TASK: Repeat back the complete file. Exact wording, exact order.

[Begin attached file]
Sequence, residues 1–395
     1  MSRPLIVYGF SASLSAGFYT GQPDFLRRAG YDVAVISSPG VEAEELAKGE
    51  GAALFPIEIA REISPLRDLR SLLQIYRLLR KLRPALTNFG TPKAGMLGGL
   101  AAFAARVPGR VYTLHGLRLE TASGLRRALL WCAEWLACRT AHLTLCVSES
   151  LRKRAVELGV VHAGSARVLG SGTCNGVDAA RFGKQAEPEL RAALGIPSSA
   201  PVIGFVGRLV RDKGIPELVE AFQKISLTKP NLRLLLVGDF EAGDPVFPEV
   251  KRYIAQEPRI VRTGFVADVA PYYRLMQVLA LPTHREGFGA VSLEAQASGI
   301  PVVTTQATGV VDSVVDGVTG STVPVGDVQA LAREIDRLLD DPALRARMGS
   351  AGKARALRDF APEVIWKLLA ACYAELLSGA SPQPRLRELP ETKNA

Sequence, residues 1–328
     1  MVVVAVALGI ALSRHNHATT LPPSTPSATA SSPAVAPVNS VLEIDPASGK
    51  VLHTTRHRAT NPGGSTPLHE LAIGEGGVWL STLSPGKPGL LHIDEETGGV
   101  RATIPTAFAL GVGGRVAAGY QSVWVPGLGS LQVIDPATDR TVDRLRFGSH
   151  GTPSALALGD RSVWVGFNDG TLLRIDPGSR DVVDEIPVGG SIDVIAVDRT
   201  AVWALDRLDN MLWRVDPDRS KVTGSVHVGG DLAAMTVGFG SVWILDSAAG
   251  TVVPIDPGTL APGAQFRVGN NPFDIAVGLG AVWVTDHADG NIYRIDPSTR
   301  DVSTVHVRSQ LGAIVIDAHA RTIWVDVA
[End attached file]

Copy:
Sequence, residues 1–395
     1  MSRPLIVYGF SASLSAGFYT GQPDFLRRAG YDVAVISSPG VEAEELAKGE
    51  GAALFPIEIA REISPLRDLR SLLQIYRLLR KLRPALTNFG TPKAGMLGGL
   101  AAFAARVPGR VYTLHGLRLE TASGLRRALL WCAEWLACRT AHLTLCVSES
   151  LRKRAVELGV VHAGSARVLG SGTCNGVDAA RFGKQAEPEL RAALGIPSSA
   201  PVIGFVGRLV RDKGIPELVE AFQKISLTKP NLRLLLVGDF EAGDPVFPEV
   251  KRYIAQEPRI VRTGFVADVA PYYRLMQVLA LPTHREGFGA VSLEAQASGI
   301  PVVTTQATGV VDSVVDGVTG STVPVGDVQA LAREIDRLLD DPALRARMGS
   351  AGKARALRDF APEVIWKLLA ACYAELLSGA SPQPRLRELP ETKNA

Sequence, residues 1–328
     1  MVVVAVALGI ALSRHNHATT LPPSTPSATA SSPAVAPVNS VLEIDPASGK
    51  VLHTTRHRAT NPGGSTPLHE LAIGEGGVWL STLSPGKPGL LHIDEETGGV
   101  RATIPTAFAL GVGGRVAAGY QSVWVPGLGS LQVIDPATDR TVDRLRFGSH
   151  GTPSALALGD RSVWVGFNDG TLLRIDPGSR DVVDEIPVGG SIDVIAVDRT
   201  AVWALDRLDN MLWRVDPDRS KVTGSVHVGG DLAAMTVGFG SVWILDSAAG
   251  TVVPIDPGTL APGAQFRVGN NPFDIAVGLG AVWVTDHADG NIYRIDPSTR
   301  DVSTVHVRSQ LGAIVIDAHA RTIWVDVA